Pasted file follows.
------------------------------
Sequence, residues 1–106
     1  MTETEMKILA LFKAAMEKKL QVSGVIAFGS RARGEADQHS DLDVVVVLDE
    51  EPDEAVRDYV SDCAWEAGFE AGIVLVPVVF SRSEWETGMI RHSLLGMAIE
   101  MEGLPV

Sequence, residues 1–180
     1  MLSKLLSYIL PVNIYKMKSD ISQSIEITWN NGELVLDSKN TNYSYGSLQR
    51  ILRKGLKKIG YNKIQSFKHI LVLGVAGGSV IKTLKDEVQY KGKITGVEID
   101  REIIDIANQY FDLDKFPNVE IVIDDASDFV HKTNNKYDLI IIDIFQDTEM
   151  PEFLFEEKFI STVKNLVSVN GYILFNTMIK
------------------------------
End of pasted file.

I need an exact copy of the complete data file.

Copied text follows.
Sequence, residues 1–106
     1  MTETEMKILA LFKAAMEKKL QVSGVIAFGS RARGEADQHS DLDVVVVLDE
    51  EPDEAVRDYV SDCAWEAGFE AGIVLVPVVF SRSEWETGMI RHSLLGMAIE
   101  MEGLPV

Sequence, residues 1–180
     1  MLSKLLSYIL PVNIYKMKSD ISQSIEITWN NGELVLDSKN TNYSYGSLQR
    51  ILRKGLKKIG YNKIQSFKHI LVLGVAGGSV IKTLKDEVQY KGKITGVEID
   101  REIIDIANQY FDLDKFPNVE IVIDDASDFV HKTNNKYDLI IIDIFQDTEM
   151  PEFLFEEKFI STVKNLVSVN GYILFNTMIK